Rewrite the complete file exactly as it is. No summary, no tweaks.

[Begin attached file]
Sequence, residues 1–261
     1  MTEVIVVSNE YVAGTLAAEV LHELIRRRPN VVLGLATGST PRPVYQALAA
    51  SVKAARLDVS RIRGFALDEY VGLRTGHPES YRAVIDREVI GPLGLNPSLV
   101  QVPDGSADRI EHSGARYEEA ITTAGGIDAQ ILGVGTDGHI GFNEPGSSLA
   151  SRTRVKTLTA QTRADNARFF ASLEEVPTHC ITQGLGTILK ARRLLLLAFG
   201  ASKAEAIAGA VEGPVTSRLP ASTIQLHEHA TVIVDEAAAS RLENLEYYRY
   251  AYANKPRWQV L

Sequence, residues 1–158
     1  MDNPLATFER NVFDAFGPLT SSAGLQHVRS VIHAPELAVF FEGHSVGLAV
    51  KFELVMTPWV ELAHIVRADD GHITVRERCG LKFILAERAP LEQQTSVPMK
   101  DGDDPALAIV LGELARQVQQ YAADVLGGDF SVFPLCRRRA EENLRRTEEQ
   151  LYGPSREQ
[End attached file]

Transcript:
Sequence, residues 1–261
     1  MTEVIVVSNE YVAGTLAAEV LHELIRRRPN VVLGLATGST PRPVYQALAA
    51  SVKAARLDVS RIRGFALDEY VGLRTGHPES YRAVIDREVI GPLGLNPSLV
   101  QVPDGSADRI EHSGARYEEA ITTAGGIDAQ ILGVGTDGHI GFNEPGSSLA
   151  SRTRVKTLTA QTRADNARFF ASLEEVPTHC ITQGLGTILK ARRLLLLAFG
   201  ASKAEAIAGA VEGPVTSRLP ASTIQLHEHA TVIVDEAAAS RLENLEYYRY
   251  AYANKPRWQV L

Sequence, residues 1–158
     1  MDNPLATFER NVFDAFGPLT SSAGLQHVRS VIHAPELAVF FEGHSVGLAV
    51  KFELVMTPWV ELAHIVRADD GHITVRERCG LKFILAERAP LEQQTSVPMK
   101  DGDDPALAIV LGELARQVQQ YAADVLGGDF SVFPLCRRRA EENLRRTEEQ
   151  LYGPSREQ